wise words

What to Do When Things Are Outside of Our Control

Earlier this year, my father-in-law recommended a book to me I had never heard of before called The Crook in the Lot: God’s Sovereignty in Afflictions (In Modern English). While this version is written in modern English, the original manuscript was written by Thomas Boston, a Scottish church leader who lived during the 1600s.

Little did I know when I started reading it what comfort, conviction, and biblical encouragement it would be to me during the next few months. It is a timeless book with much to offer. I would recommend this if you are struggling with God’s Sovereignty in the current events. Whatever the struggle or the frustration caused by this “pandemic”, from high school and college students all the way up to senior citizens, this provides much needed biblical counsel on bearing under it.

In fact, this counsel is for anyone who is struggling under any crook at all. If you are disappointed in a diagnosis or a relationship or anything else that is completely outside of your control, I know you will find this helpful.

Be sure you read the last paragraph of this excerpt. While I don’t think the pandemic is necessarily the event he is referring to, I thought it was extremely ironic that he refers to a “public crook” to come. Do you realize that there has never been a worldwide event such as this since the Tower of Babel? Perhaps it is the beginning of the end? Only God knows.

Now on to these encouraging words from Thomas Boston–

Therefore, let us set ourselves rightly to bear and walk under the crook in our lot, while God sees fit to continue it. What we cannot mend, let us bear in a Christlike manner. Do not fight against God and thereby kick against the pricks. Instead, bear it:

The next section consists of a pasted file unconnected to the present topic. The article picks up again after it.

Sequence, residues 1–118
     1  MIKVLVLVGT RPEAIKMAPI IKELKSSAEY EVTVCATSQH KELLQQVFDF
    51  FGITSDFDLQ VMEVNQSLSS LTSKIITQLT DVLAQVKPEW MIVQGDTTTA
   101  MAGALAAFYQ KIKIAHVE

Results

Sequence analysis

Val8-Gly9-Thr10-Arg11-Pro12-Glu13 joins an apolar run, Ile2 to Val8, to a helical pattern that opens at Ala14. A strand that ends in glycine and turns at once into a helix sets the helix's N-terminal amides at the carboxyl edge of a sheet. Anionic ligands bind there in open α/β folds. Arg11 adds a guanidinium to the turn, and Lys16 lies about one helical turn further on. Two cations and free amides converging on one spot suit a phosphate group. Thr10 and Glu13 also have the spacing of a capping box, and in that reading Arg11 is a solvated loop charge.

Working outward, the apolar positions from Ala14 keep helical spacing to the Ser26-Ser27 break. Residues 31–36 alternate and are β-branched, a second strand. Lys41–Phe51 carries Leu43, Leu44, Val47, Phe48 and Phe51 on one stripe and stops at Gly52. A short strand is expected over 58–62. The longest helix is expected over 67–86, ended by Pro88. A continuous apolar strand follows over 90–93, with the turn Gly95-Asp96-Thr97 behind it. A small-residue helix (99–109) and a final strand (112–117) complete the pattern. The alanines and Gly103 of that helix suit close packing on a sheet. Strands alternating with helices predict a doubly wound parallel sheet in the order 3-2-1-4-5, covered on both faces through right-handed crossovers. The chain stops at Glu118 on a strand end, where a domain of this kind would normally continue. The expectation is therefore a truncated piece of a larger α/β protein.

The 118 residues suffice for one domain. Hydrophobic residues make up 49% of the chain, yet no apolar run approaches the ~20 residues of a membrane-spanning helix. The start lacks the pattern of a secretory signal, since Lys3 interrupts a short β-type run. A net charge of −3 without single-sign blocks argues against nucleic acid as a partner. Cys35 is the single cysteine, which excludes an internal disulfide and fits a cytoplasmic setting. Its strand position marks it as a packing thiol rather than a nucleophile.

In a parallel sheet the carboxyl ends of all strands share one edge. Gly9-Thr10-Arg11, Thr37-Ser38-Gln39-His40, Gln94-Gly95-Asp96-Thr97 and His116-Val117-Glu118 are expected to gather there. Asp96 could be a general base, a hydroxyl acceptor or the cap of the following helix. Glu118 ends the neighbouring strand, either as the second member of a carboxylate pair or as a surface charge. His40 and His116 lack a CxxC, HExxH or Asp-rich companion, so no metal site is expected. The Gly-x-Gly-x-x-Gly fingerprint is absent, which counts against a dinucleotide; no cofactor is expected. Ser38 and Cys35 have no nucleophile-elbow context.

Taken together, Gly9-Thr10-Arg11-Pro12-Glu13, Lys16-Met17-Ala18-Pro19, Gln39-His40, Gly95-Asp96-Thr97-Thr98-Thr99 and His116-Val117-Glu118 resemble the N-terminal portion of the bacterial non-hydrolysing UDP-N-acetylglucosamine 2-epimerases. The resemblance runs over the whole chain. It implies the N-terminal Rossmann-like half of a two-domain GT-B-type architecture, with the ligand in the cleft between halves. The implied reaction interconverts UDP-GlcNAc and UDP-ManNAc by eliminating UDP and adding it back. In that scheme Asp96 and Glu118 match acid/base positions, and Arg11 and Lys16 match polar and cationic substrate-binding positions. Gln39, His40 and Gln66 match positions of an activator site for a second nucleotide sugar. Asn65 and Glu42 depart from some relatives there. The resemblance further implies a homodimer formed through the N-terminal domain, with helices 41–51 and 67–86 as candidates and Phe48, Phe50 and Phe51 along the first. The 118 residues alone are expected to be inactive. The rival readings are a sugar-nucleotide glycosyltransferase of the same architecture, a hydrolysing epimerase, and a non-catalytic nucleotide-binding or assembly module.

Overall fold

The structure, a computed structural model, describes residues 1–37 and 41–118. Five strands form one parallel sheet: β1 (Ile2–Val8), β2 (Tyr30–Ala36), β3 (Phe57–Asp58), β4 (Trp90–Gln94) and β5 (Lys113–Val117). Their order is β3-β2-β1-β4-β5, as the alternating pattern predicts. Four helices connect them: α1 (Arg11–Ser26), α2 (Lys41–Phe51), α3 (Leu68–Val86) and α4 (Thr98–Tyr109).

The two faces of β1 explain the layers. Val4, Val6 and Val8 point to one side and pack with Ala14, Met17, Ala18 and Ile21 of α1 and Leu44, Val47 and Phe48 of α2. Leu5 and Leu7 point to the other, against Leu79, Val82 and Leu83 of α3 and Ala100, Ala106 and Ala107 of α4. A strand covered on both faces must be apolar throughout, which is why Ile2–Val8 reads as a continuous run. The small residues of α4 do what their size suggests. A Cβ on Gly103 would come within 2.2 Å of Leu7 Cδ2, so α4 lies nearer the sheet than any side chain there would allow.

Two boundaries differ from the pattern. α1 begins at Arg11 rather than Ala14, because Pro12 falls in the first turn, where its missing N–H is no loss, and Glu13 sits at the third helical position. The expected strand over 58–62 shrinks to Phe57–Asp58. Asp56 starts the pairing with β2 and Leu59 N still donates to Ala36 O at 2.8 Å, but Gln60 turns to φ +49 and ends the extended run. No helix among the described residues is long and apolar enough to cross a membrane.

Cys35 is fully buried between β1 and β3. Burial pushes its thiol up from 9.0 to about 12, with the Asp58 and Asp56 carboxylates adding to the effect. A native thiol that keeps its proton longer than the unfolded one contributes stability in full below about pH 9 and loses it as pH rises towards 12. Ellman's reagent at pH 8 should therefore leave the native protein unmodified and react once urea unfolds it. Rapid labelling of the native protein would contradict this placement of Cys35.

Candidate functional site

1. Patiently. Avoid anger, worry, and murmuring (Ps 37:7).30 Though you lose your comfort in the world through the crook in your lot, do not lose the possession of yourself (Luke 21:19).31 The crook in our lot makes us like one who has only a meager fire to warm ourselves at; but impatience scatters it and sets the house on fire around us, exposing us. “A man without self-control is like a city broken into and left without walls” (Prov 25:28).

2. With Christian fortitude. Do not sink under discouragement, “nor be weary when reproved by him” (Heb 12:5). Satan’s plan is to use the crook to either bend or break our spirits, often bending them in order to break them. Our work is to continue evenly under it, steering a middle course and guarding against crashing into the rocks on either side. Our happiness does not lie in any earthly comfort, nor will the lack of any of them render us miserable (Hab 3:17-18).32 So, we are to hold to our way resolutely with a holy mindset, regardless of the hardships. “Yet the righteous holds to his way, and he who has clean hands grows stronger and stronger” (Job 17:9).

But you might ask, ‘When are we considered to have fallen into a sinking discouragement from the crook in our lot?’ When it prevails to the extent that you are unfit for your duties—either your particular or Christian calling. We can be sure it has carried us beyond the bounds of moderate grief when it unfits us for the common affairs of life, which the Lord calls us to manage (1 Cor 7:24).33 Such were the practical actions of Abraham recorded for his commendation (Gen 23:3-4).34 At other times, our grief unfits us for religious duties, hindering them altogether (1 Pet 3:7),35 which, in the Greek, means to cut off or cut up, like a tree from the roots. Or, it makes us quite hopeless in them (Mal 2:13).36